Saturday, August 13, 2022

At The Hospital

 
 
 

 
 At The Hospital

 
 
Pendants of light
reflections reversed
bent on slick white tile
random voices
in chained rooms
living out their untold
fortunes. Are fortunes told
or are they read,
written in a book of days
all numbered
not visible except
through curving crystal?
Or are they droned
the same tune every time
inside the skull,
mortality's earworms?
I am indifferent.
The gypsy broke my cup;
my tea leaves spilled.
 
 
 
 
circa 2019, rev. March 2022 















posted for earthweal's











 
 
 
 
 
 
 
 
 
 
 
 
 
 
 
Images: Sun In An Empty Room, 1963, © Edward Hopper   Fair Use
The Fortune Teller, 1933, © Brassai            Fair Use 

19 comments:

  1. Strange, yesterday I pulled out three boxes of my mother's memories from the attic, retirement affording me time to fulfill my promise to purge what's up there. Four years later, attachment to memory is faint, like probing beams on an old shipwreck on the seabottom. The fated is that faint in this poem -- a drone of "mortality's earworms" -- even the grief still pierces deeply both the life and the work of refracting it. In the end, there's little we can understand, the myths (and poems) only take us to the edge where it vanished. There was a folder of stuff my mother had kept of my older brother's growing up and adulthood, and I'll mail it to him. He had sent me yesterday a photo of him with his hair completely cut off -- chemo was ridding it anyway.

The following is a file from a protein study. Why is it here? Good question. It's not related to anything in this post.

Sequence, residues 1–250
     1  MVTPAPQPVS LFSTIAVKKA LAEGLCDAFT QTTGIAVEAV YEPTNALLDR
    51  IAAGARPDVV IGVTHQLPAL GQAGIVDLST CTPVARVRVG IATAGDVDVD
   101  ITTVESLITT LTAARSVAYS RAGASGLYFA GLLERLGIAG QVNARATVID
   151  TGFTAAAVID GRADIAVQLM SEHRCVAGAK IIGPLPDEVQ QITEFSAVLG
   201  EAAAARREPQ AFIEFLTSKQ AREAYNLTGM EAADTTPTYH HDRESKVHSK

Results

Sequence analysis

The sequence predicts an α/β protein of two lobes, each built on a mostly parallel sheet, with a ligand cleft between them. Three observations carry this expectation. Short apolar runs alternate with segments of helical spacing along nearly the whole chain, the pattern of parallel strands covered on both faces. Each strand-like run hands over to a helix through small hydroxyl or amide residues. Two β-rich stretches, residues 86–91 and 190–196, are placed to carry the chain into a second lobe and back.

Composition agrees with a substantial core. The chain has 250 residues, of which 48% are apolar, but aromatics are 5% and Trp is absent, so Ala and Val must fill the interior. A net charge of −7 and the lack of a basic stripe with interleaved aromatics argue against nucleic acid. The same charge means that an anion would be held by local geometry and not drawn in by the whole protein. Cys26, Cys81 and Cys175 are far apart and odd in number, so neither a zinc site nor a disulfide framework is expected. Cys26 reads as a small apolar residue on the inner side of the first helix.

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    1. Sub "yet" for "even" in the third sentence of my replay.

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    2. Thanks, B. The worst part of the whole thing is the foreshadowing of loss, and how devastatingly complete it is, taking everything except memories,and even those, as you say, are faint and pale, mere markers of something that has changed irrevocably. It's being immersed in process like a landslide, watching the inexorable inroads, seeing the bare human without any vanity except a flickering flame of dying hope, and without any ornament except pain. I don't know if any poem can really touch that, certainly not anything I am capable of writing, but perhaps the shadows of it shows a little here. We are the only candles we have in that darkness, so all my sympathies for your brother, and your family.

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  2. Love the closure of the poem... there is a defiance there to the inevitable, despite a heavier acceptance...

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  3. So many painful stories in hospitals. I often think of people in there as I walk about in the sunshine. Your two closing lines are superb.

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    1. Thanks, dear Sherry. I enjoyed your 'blast from the past,' where so much of who we are was made.

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  4. "living out their untold
    fortunes. Are fortunes told
    or are they read,
    written in a book of days
    all numbered"

    dark things in those lines. is it better to know your fate, or discover your fate? (or even, somehow sidestep fate... but who wants to live forever, as freddie mercury once sang, in a song that wrote as he was dying... if i remember right) well written, i like how almost all of your detailed are out of full focus, unclear, echoes your message

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    1. Yeah, I went oblique on this one, philip--it was written several years ago when I could hardly write anything, and it has a boiled down to bones feel for me, good or bad. Thanks for always having something insightful to say, and for the pleasure of reading your own work, which is rising like a well-yeasted sourdough.

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  5. Are fortunes told